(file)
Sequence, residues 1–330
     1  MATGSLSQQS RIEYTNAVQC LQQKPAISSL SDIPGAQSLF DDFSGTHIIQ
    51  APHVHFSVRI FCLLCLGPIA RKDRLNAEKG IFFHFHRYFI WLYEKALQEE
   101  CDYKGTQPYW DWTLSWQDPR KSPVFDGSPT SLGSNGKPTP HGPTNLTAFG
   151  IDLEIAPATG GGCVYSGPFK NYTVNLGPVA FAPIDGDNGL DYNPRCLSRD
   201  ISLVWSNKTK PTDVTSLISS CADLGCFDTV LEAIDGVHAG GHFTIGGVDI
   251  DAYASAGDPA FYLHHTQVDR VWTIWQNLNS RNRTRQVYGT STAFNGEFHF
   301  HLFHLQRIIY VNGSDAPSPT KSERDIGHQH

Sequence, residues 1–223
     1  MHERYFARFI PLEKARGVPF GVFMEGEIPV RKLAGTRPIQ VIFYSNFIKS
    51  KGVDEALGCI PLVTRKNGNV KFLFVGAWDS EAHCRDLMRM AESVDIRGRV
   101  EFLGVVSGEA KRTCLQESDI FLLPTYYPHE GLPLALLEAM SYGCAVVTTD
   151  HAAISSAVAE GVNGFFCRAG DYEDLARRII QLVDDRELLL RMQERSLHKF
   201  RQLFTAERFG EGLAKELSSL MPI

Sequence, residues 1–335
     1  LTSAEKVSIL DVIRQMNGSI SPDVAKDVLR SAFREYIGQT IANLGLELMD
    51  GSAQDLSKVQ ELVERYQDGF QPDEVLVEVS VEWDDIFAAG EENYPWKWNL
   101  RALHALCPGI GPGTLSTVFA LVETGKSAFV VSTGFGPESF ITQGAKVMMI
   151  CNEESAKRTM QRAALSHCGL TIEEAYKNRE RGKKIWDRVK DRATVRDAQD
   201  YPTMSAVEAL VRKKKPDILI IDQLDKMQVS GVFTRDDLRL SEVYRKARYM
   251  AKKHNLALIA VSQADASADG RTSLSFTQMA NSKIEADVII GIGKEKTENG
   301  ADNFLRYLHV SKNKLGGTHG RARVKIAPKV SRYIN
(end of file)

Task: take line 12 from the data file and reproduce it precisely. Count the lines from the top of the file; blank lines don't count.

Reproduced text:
   101  EFLGVVSGEA KRTCLQESDI FLLPTYYPHE GLPLALLEAM SYGCAVVTTD